Choice of antipsychotic medication

The essential choice is between using an antipsychotic belonging to the class of typical antipsychotics (FGA- first-generation antipsychotic) or from the atypical group (SGA- second-generation antipsychotic). Since the publication of the previous guideline there is somewhat greater clarity on this matter. The bulk of the evidence including large-scale real-world studies indicates that there is very little difference in terms of efficacy, adherence and other subjective aspects between the FGA and the SGA group, or between individual antipsychotics belonging to either group. The only exception to this trend is clozapine, which appears to be more efficacious than any other antipsychotic in patients with treatment resistance. It follows from this that the choice of the antipsychotic will depend on factors other than efficacy. Some of these factors are included in [Table 4].
Table 4: Factors that influence selection of antipsychotics


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Dose

The recommended dose of various oral antipsychotics available in India is shown in [Table 5]. In general patients with first-episode psychosis respond to lower doses. The use of high or very high doses (mega doses) of antipsychotics, if required, may be used with caution in exceptional circumstances. It is noted that Indian patients require lower doses of antipsychotic drugs compared to patients from the West. Although this is suggested by clinical experience and pharmacokinetic studies of Asian patients, there is little evidence for, or against this supposition from clinical trials.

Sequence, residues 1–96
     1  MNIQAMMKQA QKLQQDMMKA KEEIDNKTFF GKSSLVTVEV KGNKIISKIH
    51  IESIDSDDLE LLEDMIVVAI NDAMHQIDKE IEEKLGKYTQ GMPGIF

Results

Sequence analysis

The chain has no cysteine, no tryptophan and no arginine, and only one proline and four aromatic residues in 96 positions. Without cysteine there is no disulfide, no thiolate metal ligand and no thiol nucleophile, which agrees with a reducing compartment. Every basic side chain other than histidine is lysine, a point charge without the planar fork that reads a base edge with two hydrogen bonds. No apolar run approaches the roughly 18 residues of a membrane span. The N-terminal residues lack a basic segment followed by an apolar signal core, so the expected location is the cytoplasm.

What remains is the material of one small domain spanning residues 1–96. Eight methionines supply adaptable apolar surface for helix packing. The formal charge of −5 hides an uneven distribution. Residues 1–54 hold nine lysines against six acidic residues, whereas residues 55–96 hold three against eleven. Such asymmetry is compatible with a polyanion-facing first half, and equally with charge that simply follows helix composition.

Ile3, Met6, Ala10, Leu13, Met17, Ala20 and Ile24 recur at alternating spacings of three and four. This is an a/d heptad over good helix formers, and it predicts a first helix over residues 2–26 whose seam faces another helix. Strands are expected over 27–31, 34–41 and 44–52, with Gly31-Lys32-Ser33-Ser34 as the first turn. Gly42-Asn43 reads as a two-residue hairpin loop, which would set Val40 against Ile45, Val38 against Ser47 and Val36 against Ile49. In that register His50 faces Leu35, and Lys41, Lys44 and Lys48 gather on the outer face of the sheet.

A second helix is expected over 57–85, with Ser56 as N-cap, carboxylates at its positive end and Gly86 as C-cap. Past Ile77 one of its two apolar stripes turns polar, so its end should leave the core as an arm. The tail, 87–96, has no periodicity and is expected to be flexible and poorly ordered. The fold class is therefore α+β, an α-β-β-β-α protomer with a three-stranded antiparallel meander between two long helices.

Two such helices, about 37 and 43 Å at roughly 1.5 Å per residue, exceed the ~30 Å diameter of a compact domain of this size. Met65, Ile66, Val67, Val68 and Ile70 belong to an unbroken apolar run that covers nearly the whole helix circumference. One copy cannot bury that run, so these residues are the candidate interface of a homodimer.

Table 5: Recommended therapeutic dose ranges for various antipsychotics


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Route of administration

Acutely agitated patients often require parenteral administration of antipsychotics to rapidly control the behavioural disturbance. Liquid or mouth-dissolving formulations are often helpful in non-compliant patients. Depot preparations are generally not used in acutely agitated patients except zuclopenthixol acetate, which has a half-life of about 20 hours. In general, it is recommended that one drug is to be used by one route in order to minimise drug interactions and simplify clinical observations.

Depot preparations [Table 6] are often helpful in ensuring medication-compliance and may be used in situations where compliance is a problem. Depot injectables may also be used if patients/relatives indicate a preference for this kind of treatment. Test doses are administered at the start of treatment. When used, depot preparations need to be prescribed within the standard recommended dosage and interval range to achieve optimum effectiveness in preventing relapse.
Table 6: Antipsychotic depot preparations available in India


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Adequate antipsychotic trial

The minimum recommended duration of treatment to consider it to be an effective trial for all antipsychotics is use of medication in the highest tolerable dose for 6-8 weeks, with the exception of clozapine, where the minimum period of treatment is at least 3-6 months.

Response

Antipsychotics are known to produce a significant remission of positive symptoms. This could thus be a reasonable goal of treatment during the acute phase. Antipsychotics are less effective in management of negative symptoms, therefore a mild to moderate reduction in negative symptoms is often acceptable. Response indicators for other aspects of the illness (e.g. cognitive symptoms) are not clear. Patients on antipsychotics need to be monitored regularly to ascertain the level of response and the emergence of side effects.